Aluminium in Scotland: The Alcan Collection

Published on: Author: Harriet Gaston Leave a comment

A staff post by Jesper Ericsson, Curatorial Assistant at The Hunterian.

The production of aluminium in Scotland stretches back more than a century. Harnessing hydroelectric power, it beckoned a new era of industry for the Highlands, seen previously as a remote and inaccessible part of the country. A lightweight and versatile metal, Scottish aluminium was exported all over the world.

Founded on 7 May 1894, the British Aluminium Company (BACo) established its first smelter at Foyers in 1896, followed by Kinlochleven in 1909 and Lochaber in 1929. Many years of prosperity followed, particularly during the First and Second World Wars, when great quantities of aluminium were needed for military purposes. BACo was taken over in 1958. Foyers shut down in 1967, but hopes were raised when a new smelter opened at Invergordon in 1971. However, after only 10 years of operation, this also closed. The world market for aluminium had changed dramatically. BACo was then bought by a Canadian company, Alcan. Between 1982 and 1996, the company was known as British Alcan Aluminium Plc. Kinlochleven remained open until 2000, leaving Lochaber the sole producer of aluminium in Scotland as of 2017.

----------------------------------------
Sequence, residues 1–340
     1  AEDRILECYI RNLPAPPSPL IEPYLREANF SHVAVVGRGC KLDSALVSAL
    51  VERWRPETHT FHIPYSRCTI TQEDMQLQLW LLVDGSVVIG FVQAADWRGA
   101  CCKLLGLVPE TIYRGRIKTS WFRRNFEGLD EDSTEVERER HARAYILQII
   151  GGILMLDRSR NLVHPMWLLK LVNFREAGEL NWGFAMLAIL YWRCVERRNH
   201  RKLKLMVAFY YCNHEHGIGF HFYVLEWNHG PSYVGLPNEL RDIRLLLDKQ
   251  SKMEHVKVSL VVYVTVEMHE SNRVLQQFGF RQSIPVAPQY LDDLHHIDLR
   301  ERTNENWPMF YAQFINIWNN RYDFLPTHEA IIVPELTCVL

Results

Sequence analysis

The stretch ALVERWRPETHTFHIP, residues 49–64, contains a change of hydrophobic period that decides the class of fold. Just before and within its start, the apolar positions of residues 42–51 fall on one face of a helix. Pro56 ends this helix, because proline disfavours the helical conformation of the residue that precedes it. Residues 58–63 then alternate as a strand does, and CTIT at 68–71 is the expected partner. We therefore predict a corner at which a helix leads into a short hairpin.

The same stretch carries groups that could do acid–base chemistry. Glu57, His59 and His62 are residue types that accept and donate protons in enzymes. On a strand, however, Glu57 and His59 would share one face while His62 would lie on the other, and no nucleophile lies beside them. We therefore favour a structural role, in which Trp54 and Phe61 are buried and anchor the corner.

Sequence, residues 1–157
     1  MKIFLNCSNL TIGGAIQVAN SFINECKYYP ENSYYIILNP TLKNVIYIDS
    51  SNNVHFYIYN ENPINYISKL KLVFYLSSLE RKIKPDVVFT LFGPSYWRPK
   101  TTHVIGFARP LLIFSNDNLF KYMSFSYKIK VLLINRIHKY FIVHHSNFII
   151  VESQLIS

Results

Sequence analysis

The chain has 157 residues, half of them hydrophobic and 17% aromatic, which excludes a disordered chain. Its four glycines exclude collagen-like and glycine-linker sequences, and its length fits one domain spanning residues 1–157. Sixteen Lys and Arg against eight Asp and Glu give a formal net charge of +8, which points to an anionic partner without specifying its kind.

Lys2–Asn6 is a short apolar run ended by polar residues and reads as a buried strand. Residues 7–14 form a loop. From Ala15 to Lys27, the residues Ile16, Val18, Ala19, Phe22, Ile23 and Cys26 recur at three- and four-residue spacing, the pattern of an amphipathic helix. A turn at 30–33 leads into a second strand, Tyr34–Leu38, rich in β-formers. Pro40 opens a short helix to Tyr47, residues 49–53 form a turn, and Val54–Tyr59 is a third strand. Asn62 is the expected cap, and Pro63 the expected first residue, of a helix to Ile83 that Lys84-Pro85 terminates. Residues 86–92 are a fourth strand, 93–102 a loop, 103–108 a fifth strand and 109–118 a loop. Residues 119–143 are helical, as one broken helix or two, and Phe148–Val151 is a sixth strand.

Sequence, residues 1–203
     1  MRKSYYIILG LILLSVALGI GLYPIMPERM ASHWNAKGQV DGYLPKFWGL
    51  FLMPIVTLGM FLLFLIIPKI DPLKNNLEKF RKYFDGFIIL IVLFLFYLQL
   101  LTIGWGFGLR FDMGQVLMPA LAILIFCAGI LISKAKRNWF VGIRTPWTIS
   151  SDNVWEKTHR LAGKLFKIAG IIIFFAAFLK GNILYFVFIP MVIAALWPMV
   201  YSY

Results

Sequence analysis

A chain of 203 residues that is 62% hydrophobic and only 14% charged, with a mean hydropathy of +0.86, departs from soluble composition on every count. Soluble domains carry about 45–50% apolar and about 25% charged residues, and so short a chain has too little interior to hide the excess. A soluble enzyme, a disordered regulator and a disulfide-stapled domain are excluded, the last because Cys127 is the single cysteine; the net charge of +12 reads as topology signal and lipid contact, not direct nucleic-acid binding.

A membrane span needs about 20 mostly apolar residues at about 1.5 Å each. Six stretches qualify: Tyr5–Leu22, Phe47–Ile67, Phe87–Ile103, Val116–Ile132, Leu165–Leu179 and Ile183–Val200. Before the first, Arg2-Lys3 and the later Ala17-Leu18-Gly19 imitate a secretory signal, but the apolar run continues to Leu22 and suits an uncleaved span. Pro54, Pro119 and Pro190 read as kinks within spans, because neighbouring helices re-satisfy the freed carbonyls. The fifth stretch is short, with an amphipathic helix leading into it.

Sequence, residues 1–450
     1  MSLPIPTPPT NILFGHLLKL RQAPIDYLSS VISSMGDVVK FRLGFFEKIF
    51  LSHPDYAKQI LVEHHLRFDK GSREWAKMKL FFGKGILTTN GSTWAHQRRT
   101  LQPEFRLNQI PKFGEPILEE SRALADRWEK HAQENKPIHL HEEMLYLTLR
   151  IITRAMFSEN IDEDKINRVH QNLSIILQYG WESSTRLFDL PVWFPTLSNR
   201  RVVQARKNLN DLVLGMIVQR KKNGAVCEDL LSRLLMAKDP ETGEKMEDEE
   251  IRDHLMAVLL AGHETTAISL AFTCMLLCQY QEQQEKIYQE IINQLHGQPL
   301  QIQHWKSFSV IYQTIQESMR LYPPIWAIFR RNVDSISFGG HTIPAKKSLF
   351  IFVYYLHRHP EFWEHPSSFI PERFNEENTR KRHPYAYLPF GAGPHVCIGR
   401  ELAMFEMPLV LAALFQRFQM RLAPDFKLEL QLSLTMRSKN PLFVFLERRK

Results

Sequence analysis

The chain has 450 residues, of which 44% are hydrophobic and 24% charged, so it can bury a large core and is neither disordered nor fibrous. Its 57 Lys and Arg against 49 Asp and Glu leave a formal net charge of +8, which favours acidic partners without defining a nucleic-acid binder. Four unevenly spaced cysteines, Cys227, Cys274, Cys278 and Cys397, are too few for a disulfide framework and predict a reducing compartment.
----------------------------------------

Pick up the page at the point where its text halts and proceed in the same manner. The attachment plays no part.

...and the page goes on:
The Hunterian holds an extensive collection of objects made from aluminium, including ingots and medals produced from the first taps of metal from Foyers, Kinlochleven and Lochaber, through to coins, tokens, badges, art medals, postcards, home and office ephemera, saucepans and even a spoon made from the remnants of a crashed German Zeppelin.

Aluminium Postcard
The first aluminium to be tapped at Kinlochleven took place on 31 December 1907. This souvenir postcard, dating from around 1910 – 1914, shows just how dramatically the industry changed the landscape. GLAHM:37976.

Zeppelin Spoon
On the afternoon of 5 August 1908, high winds blew Zeppelin LZ 4 from its moorings at Echterdingen in southern Germany. Despite the efforts of the sole crew member onboard to control the Zeppelin and bring it to earth, LZ 4 accidentally collided with trees and burst into flames. Witnessed by a crowd of tens of thousands, the airship was completely destroyed. This commemorative spoon was made from metal salvaged from the wreck. GLAHM:37715.

Metropolitan Police Warrant
This is the earliest example of an item made from aluminium in the collection. Probably struck in London, the warrant number reveals that it was issued in 1835. GLAHM:37843.

‘Aluminium Manufactured at Kinlochleven’ Medal
This medal was struck from the first aluminium to be tapped at Kinlochleven on 31 December 1907. The inscription in Gaelic on the obverse reads: ‘What water can not do, when it can make me’. GLAHM:37786.

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